10 thoughts on “TBT: Introducing Dorothy Dandridge (1999)

  1. I just watched Carmen Jones for the first time and Dorothy Dandridge wowed me! I was speechless. It’s one of the best performances I’ve seen in a long time.

    1. Interestingly, her singing was dubbed by a young Marilyn Horne, who would go on to become one of the Metropolitan Opera’s definitive Carmens.

  2. I remember a flutter of interest when the movie first came out. There was a one hour documentary on her life, and my grandmother picked up a biography of Dorothy’s. I didn’t see the movie itself as it was on cable, which we didn’t have. I’ll put it on my HBO Max queue.

  3. Donald Bogle’s biography of Dorothy Dandridge is fantastic and well-researched. It will fill in those gaps that you were talking about.

  4. I have vague recollections of this from when it came out. I either didn’t watch it or had it playing in the background while I was doing something else. So, I’ll definitely pop over to HBO Max and check it out. Now, that I’m an older and an opera fan, I REALLY want to see and compare Carmen Jones with Carmen (one of the first operas I ever saw). Back in the day Beyonce was in another telling of Carmen, too, called Carmen: A Hip Hopera. I don’t think it was widely seen.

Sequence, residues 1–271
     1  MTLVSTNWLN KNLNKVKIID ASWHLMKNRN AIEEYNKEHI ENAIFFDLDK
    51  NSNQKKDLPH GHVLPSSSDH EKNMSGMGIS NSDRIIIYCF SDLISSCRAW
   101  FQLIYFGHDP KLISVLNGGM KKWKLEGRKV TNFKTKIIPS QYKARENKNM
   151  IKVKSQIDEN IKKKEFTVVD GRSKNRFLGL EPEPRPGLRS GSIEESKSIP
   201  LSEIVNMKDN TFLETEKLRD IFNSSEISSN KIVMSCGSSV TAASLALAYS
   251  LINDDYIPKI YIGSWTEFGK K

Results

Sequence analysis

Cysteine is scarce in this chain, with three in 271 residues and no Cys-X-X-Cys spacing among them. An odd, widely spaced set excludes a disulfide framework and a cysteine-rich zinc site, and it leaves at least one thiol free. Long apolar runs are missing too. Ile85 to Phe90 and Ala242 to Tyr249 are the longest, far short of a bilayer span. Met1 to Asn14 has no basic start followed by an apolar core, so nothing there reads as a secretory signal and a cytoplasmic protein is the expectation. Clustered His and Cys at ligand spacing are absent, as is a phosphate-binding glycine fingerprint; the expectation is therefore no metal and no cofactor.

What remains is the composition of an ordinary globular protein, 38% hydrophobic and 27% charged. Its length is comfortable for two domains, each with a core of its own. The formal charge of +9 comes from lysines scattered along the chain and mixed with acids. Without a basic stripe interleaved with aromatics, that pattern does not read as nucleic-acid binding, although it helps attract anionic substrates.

Anyway, several months ago I watched an EXCELLENT 3-part documentary on Netflix called “They’ve Gotta Have Us” about Blacks in cinema–not only African-Americans, the filmmaker was British an interviewed Black Britons too. In one of the episodes Harry Belafonte said they had something ridiculous like 5 – 10 DAYS to shoot the ENTIRE Carmen Jones movie!! I want to know more about Dorothy Dandridge too. I think she and Peter Lawford (JFK’s brother in law) were lovers around the time she died. And I wonder if, like Halle Berry, she was biracial? Thanks for spotlighting this pic!!

  5. Does the movie include a scene of Dandridge’s stay at a hotel where non-whites were forbidden to use the pool? As the story, or legend, goes, D.D. took her time about strolling to a lounge chair, arranging her towels, removing her wrap, etc., then delicately dipped one or two toes in the water. And then she left.

    1. It’s in there. but it’s more of an FU on Dorothy’s part – when told she cannot take a dip, she aggressively drags her foot across the water and makes a splash. Later, they show the pool empty and bone dry and some poor worker has to scrub down the sides.

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